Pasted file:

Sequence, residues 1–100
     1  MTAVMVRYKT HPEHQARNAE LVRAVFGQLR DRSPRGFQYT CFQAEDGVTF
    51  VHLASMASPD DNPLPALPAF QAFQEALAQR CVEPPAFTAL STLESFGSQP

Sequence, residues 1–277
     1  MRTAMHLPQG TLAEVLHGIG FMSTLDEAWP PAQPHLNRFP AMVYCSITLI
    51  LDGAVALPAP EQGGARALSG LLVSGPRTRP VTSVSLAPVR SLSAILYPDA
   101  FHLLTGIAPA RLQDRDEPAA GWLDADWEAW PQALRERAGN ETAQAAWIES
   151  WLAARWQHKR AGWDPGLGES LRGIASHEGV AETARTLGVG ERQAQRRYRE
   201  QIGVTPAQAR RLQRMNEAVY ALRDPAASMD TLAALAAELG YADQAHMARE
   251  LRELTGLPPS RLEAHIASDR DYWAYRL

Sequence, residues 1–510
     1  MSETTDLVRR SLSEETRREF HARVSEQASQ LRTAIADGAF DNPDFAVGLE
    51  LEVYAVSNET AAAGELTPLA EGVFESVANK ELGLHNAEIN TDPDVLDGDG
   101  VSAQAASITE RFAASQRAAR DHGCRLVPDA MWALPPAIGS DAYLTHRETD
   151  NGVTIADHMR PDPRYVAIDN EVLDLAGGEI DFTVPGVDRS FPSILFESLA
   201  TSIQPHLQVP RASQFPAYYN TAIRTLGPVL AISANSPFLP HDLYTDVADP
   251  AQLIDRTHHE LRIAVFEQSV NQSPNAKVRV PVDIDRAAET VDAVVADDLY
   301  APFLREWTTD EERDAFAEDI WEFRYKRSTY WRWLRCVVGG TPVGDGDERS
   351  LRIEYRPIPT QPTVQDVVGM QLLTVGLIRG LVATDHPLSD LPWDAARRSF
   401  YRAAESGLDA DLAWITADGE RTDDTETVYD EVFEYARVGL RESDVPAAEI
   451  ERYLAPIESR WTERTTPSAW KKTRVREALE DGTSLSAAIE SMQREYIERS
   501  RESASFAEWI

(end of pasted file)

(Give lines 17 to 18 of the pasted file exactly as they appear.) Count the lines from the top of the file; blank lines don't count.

   251  AQLIDRTHHE LRIAVFEQSV NQSPNAKVRV PVDIDRAAET VDAVVADDLY
   301  APFLREWTTD EERDAFAEDI WEFRYKRSTY WRWLRCVVGG TPVGDGDERS